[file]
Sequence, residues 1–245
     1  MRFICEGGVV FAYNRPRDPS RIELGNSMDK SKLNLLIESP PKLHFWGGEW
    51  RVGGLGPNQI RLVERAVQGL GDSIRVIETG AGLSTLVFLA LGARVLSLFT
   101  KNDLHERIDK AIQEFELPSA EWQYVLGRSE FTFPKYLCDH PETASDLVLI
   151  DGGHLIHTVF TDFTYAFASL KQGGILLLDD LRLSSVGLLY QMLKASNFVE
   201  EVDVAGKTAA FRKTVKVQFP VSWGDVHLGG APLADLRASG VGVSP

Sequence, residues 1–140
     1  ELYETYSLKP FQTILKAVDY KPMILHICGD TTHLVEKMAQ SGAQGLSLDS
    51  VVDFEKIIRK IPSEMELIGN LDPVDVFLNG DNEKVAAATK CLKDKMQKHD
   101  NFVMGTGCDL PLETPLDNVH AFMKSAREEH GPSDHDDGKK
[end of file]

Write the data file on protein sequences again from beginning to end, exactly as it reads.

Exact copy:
Sequence, residues 1–245
     1  MRFICEGGVV FAYNRPRDPS RIELGNSMDK SKLNLLIESP PKLHFWGGEW
    51  RVGGLGPNQI RLVERAVQGL GDSIRVIETG AGLSTLVFLA LGARVLSLFT
   101  KNDLHERIDK AIQEFELPSA EWQYVLGRSE FTFPKYLCDH PETASDLVLI
   151  DGGHLIHTVF TDFTYAFASL KQGGILLLDD LRLSSVGLLY QMLKASNFVE
   201  EVDVAGKTAA FRKTVKVQFP VSWGDVHLGG APLADLRASG VGVSP

Sequence, residues 1–140
     1  ELYETYSLKP FQTILKAVDY KPMILHICGD TTHLVEKMAQ SGAQGLSLDS
    51  VVDFEKIIRK IPSEMELIGN LDPVDVFLNG DNEKVAAATK CLKDKMQKHD
   101  NFVMGTGCDL PLETPLDNVH AFMKSAREEH GPSDHDDGKK